Acknowledgment of the rights of First Nations, Inuit and Metis people of Canada should be included in the municipal oath of office, Peterborough County council decided at its Wednesday meeting.
But a suggestion that allegiance to King Charles be removed from the oath, made by Joe Taylor, mayor of Otonabee-South Monaghan Township, was not approved.
Instead, council asked for a staff report on the idea.
A motion from the Municipality of Trent Lakes came before council asking Municipal Affairs and Housing Minister Steve Clark to change the oath to the following:
“I will be faithful and bear true allegiance to His Majesty King Charles III and that I will faithfully observe the laws of Canada including the Constitution, which recognizes and affirms the Aboriginal and treaty rights of First Nations, Inuit and Metis peoples.”
The proposed amendment would acknowledge Indigenous rights when new municipal councillors are sworn into office.
“This was brought forward by a member of our council who has been very involved with the Truth and Reconciliation Commission Calls to Action,” said Trent Lakes Deputy Mayor Carol Armstrong.
“He brought it forward as a response to one of those Calls to Action and has suggested that we write a letter to (Municipal Affairs and Housing Minister Steve Clark) requesting that we include in the oath of office for municipal councillors an acknowledgment of our Metis, Inuit and First Nations people,” she said.
“I think it’s a great idea. It’s overdue. I can’t imagine that there would be a lot of opposition,” said Taylor, “but, at the risk of being controversial, I would like to take it one step further.”
“I would like to add recognition of First Nations’ rights in our oath of office and I would like to remove any allegiance to King Charles. I don’t know whether there’s a lot of support for that around the table, but I don’t feel that we need to bear allegiance to Charles III any longer,” he said.
“I would like the suggestion to be taken more seriously.”
He later told The Examiner that the allegiance no longer has any bearing on councillors’ duties as elected representatives.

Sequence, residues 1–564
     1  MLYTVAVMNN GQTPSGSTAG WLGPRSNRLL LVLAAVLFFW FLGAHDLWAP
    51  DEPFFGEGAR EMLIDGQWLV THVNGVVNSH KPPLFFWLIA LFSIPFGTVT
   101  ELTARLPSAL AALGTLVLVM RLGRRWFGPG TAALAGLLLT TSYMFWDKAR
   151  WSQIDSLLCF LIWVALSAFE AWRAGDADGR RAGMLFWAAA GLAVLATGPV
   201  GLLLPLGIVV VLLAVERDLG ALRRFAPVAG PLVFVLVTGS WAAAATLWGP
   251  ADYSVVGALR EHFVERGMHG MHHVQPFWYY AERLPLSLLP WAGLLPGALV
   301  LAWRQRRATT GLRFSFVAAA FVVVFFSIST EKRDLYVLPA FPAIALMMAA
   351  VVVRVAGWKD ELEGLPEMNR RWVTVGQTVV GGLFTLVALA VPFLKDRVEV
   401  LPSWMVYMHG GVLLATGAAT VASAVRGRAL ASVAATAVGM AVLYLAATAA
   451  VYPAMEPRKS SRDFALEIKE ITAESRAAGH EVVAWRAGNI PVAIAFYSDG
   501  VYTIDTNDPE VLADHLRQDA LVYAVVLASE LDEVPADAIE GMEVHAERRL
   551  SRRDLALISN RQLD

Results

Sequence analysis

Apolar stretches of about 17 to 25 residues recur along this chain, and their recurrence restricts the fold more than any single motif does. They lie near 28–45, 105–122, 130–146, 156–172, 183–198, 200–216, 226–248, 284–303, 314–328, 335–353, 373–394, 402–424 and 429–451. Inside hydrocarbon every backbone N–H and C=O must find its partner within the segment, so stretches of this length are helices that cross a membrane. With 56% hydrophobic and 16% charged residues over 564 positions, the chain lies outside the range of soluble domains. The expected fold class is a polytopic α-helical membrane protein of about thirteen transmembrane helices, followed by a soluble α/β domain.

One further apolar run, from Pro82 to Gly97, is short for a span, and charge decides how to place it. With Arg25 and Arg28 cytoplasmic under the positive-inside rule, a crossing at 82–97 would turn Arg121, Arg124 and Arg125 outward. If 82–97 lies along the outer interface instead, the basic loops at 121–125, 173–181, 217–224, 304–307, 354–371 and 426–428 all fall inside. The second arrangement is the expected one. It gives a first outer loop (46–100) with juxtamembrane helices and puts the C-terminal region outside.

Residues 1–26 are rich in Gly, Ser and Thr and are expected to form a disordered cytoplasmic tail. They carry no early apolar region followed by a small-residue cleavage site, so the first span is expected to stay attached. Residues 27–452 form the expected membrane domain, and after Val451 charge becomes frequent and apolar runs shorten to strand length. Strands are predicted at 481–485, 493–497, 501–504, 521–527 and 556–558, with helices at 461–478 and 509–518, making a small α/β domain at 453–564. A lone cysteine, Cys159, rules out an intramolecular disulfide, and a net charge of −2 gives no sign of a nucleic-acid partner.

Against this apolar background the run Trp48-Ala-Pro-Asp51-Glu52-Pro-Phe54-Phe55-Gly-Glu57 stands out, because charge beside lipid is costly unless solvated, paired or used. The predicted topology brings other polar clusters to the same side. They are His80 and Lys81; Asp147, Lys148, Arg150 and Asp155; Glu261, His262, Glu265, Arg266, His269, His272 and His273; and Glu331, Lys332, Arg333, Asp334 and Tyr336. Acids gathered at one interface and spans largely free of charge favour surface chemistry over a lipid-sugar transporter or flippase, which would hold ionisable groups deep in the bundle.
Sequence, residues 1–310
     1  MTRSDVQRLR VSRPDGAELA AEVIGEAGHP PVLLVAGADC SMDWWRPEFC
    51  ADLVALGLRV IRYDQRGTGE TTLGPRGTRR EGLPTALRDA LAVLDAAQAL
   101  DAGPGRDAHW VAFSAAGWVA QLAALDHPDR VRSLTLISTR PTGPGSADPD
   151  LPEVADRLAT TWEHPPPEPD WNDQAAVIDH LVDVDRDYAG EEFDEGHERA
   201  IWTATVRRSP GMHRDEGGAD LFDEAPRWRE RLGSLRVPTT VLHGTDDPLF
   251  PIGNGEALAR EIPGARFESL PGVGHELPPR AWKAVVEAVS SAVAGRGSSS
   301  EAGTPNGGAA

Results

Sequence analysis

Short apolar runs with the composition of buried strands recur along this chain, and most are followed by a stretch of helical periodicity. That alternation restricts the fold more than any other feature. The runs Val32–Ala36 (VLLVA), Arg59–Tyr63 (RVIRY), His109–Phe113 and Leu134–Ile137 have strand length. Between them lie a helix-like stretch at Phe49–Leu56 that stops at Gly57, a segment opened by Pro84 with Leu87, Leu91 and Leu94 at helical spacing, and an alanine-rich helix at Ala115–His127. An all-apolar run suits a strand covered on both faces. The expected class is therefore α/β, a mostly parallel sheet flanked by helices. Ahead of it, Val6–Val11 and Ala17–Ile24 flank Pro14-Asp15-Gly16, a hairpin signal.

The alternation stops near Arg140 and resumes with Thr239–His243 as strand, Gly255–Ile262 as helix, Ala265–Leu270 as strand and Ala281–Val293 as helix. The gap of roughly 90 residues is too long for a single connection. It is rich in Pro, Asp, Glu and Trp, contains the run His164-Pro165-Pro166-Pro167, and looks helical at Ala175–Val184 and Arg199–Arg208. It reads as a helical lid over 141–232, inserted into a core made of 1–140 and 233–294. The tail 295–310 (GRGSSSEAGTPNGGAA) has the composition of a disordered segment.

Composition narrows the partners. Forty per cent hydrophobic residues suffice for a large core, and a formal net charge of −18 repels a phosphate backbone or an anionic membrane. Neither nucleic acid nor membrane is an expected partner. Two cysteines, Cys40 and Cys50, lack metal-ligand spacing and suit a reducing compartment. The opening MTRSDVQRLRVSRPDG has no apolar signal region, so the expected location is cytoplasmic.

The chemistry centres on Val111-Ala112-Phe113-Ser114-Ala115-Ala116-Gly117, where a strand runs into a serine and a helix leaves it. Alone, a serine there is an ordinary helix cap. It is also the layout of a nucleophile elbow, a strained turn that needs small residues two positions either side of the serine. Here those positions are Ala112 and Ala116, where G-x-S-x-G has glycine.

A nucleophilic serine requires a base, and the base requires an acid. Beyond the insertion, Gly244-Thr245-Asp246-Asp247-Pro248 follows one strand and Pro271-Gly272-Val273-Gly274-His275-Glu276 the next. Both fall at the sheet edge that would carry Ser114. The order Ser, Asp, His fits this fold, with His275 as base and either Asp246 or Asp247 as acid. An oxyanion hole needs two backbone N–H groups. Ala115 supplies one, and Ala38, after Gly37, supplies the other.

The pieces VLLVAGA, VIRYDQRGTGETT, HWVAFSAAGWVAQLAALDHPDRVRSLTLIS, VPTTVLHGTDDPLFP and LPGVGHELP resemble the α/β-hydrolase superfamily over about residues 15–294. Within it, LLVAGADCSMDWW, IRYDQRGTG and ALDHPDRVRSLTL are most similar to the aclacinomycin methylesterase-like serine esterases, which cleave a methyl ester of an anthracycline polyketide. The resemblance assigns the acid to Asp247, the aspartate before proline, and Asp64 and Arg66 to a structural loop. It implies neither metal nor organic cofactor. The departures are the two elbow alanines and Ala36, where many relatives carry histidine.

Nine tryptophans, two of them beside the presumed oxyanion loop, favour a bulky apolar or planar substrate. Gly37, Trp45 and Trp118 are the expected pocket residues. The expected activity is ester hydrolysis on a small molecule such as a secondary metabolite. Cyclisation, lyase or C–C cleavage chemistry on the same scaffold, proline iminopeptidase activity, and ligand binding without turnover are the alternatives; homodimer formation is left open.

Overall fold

Taylor said he is not a “royal watcher” and, “It’s hypocritical of me to stand up there and bear allegiance to King Charles when I think it has nothing to do with why I am an elected official and what my responsibilities are.”
He also thinks each municipality should be able to choose what is recited in its oath of office.
“I hope they (MMAH) take a look at it and either remove the oath of allegiance to King Charles or at least allow municipalities to have the option,” he said.
Sheridan Graham, chief administrative officer for the county, said she would prefer a staff report be prepared on Taylor’s idea to investigate its possibility. There was no discussion by other councillors.
“It’s not the first time that this has been proposed across the province,” said Taylor, “and I would like the suggestion to be taken more seriously.”
Council voted to approve the Trent Lakes motion that Indigenous people’s rights be acknowledged in the oath of office. It then asked for a staff report on Taylor’s proposed amendment to remove the mention of King Charles in it.
Brendan Burke is a staff reporter at the Examiner, based in Peterborough. His reporting is funded by the Canadian government through its Local Journalism Initiative.
By Brendan Burke, Local Journalism Initiative Reporter
Original Published on Mar 16, 2023